Kings of the Hills
Bode Miller won his second straight World Cup giant slalom Saturday, becoming the first U.S. skier since Phil Mahre in 1983 to lead the World Cup overall standings.
Miller's combined time of 2 minutes, 4.15 seconds at Kranjska Gora, Slovenia, beat Christian Mayer of Austria by 0.83 seconds and vaulted him past a hobbled Stephan Eberharter to the top of the overall standings. Miller also passed Michael von Gruenigen of Switzerland to lead the giant slalom standings.
Miller was third after the first run but attacked the second run and had the best time in that leg. Erik Schlopy of Park City, Utah, tied for fourth at 2:05.55, his best result this season.
"If they gave me a trophy for being in the lead in January, that'd be fine," said Miller, who will compete in a slalom today. "But we have to wait to the end, and there's a long way to go, a lot of stuff in between now and the end."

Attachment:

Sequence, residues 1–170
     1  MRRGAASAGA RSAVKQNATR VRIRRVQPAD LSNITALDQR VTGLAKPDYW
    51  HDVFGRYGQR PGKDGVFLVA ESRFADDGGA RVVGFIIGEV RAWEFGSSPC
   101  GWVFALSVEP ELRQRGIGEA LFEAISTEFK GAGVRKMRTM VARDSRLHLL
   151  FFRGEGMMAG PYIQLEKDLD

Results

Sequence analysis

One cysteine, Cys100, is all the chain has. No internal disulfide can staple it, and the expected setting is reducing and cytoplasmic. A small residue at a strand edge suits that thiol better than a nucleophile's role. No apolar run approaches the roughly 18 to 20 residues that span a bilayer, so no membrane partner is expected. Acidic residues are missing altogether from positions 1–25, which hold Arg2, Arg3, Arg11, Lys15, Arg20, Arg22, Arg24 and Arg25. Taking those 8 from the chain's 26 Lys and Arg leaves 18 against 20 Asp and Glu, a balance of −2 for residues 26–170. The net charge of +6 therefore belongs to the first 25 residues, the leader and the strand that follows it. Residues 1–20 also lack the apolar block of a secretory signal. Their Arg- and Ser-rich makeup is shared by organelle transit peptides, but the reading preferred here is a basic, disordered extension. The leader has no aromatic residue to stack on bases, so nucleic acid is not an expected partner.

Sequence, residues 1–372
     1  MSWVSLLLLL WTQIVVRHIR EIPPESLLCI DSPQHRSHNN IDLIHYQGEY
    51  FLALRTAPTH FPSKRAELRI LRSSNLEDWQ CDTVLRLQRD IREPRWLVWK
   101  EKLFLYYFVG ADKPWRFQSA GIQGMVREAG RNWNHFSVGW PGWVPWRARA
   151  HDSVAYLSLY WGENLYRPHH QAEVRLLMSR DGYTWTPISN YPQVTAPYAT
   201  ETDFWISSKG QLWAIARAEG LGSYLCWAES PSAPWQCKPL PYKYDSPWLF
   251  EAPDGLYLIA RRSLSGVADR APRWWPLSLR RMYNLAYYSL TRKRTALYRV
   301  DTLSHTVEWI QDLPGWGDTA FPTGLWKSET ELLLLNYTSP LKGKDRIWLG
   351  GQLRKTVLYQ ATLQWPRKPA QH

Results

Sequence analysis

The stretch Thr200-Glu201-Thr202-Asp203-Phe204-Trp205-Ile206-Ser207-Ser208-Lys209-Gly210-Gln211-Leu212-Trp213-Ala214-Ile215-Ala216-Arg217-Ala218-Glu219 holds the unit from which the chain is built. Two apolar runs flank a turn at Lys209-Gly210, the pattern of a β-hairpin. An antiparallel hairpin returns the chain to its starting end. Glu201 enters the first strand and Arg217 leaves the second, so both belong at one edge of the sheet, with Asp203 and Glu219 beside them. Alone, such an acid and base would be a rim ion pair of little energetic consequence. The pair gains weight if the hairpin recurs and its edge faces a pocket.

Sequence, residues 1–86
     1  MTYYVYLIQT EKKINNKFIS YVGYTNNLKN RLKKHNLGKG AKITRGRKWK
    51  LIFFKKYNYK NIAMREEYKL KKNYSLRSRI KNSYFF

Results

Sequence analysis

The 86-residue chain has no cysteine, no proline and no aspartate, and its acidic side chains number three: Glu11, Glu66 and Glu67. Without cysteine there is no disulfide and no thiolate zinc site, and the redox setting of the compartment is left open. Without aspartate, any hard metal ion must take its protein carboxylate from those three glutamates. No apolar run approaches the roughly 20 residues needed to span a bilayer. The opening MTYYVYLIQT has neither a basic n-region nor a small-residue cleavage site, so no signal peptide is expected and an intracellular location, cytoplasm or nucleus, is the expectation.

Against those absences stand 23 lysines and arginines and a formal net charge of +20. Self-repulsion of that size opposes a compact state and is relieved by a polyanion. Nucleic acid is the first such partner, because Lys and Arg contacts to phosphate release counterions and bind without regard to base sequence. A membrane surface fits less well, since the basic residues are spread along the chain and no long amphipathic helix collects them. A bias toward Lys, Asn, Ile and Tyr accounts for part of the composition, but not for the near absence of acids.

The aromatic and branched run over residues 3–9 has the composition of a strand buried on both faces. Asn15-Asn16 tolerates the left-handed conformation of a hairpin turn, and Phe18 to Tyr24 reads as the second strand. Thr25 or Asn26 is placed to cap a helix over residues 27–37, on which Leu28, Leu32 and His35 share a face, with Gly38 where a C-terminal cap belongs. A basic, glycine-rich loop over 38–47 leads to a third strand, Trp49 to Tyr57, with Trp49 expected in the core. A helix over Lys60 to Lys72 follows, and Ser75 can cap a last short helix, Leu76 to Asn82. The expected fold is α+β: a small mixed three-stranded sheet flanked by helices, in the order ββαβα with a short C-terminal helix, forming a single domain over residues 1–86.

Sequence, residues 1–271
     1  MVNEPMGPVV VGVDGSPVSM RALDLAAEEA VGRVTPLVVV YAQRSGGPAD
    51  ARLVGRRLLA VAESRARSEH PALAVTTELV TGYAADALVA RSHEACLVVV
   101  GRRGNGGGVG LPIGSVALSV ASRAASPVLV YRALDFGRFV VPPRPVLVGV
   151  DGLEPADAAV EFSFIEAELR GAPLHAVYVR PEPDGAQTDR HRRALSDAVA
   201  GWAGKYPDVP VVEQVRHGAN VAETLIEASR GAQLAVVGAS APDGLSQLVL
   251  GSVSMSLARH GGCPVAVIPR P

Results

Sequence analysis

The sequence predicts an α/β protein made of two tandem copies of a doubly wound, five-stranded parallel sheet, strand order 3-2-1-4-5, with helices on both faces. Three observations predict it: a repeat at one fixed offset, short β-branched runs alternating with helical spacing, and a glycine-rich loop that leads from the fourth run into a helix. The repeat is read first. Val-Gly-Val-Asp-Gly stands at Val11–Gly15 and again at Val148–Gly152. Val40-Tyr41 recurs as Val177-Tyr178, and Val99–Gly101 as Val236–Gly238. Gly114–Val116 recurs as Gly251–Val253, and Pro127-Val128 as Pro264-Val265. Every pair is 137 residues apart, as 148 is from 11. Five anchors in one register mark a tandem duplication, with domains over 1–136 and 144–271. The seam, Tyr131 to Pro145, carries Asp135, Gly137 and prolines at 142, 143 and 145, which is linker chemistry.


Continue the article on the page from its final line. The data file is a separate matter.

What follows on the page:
U.S. men have won three consecutive races. Daron Rahlves sandwiched a downhill victory last week between Miller's giant slalom wins two weeks ago and Saturday. Equally surprising is the Austrian men have gone seven straight races without winning.
Don't Fence Him In
When Soren Thompson tells people he's a fencer, he usually gets blank stares or questions about "The Three Musketeers" and other swashbuckling film heroes.
"People mostly are intrigued. They've heard of it, but they don't know much about it," the San Diego resident said. "They think it's what they see in the movies. It's a little less dramatic."
But no less absorbing to Thompson, 21, ranked third in the U.S. and 84th in the world in epee, one of three fencing weapons. The others are foil and saber.
Thompson, a junior at Princeton, hopes to qualify for the 2004 U.S. Olympic team. He will take one of the first steps at the North American Cup competition Jan. 17-20 at the Del Mar Fairgrounds, one of the largest annual competitions in the U.S.
"The sport just fascinates me," Thompson said while home for the holiday break. "It's intellectual. It's mostly strategizing but it also involves various physical aspects."
Thompson took up fencing when he was 7 and trained at UC San Diego. He began traveling to Los Angeles for advanced lessons when he was 12 or 13.